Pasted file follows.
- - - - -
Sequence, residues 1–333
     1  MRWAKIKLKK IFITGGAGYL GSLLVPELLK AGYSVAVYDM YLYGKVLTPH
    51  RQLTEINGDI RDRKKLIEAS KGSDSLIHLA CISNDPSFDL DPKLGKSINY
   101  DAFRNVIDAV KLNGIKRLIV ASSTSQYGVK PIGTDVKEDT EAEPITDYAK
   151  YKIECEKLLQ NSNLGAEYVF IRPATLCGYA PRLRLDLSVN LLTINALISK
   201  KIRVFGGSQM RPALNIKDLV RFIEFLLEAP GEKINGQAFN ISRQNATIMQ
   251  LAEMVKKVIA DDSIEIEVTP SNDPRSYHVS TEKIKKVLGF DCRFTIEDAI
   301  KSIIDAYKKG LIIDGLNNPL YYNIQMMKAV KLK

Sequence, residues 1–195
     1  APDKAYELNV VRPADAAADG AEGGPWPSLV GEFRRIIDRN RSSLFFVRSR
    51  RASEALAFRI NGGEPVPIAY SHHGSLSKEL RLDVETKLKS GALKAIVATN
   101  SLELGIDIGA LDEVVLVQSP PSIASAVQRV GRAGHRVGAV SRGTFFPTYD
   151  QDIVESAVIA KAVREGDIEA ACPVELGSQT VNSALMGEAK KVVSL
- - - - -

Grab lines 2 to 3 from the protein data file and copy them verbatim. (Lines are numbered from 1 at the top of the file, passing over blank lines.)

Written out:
     1  MRWAKIKLKK IFITGGAGYL GSLLVPELLK AGYSVAVYDM YLYGKVLTPH
    51  RQLTEINGDI RDRKKLIEAS KGSDSLIHLA CISNDPSFDL DPKLGKSINY